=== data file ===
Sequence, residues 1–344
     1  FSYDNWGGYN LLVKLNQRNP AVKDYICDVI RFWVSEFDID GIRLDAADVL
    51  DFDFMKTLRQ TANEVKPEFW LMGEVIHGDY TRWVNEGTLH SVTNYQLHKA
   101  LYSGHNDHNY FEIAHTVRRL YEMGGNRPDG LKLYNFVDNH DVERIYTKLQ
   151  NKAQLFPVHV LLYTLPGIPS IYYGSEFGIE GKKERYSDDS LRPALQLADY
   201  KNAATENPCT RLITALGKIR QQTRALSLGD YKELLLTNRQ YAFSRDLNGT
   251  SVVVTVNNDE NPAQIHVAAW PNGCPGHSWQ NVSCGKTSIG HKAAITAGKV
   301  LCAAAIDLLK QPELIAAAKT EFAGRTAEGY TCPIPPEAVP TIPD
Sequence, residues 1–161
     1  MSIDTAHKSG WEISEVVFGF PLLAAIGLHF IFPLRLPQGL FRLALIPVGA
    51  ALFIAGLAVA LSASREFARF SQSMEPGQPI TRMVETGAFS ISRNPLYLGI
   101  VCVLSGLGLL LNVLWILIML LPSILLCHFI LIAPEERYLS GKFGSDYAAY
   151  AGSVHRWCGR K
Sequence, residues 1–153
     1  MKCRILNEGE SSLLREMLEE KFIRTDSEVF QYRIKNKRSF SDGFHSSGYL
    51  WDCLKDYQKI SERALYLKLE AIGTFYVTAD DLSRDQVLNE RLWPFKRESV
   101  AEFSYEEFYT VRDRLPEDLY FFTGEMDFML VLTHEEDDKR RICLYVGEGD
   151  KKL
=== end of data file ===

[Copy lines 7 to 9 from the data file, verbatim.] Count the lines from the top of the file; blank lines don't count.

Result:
   251  SVVVTVNNDE NPAQIHVAAW PNGCPGHSWQ NVSCGKTSIG HKAAITAGKV
   301  LCAAAIDLLK QPELIAAAKT EFAGRTAEGY TCPIPPEAVP TIPD
Sequence, residues 1–161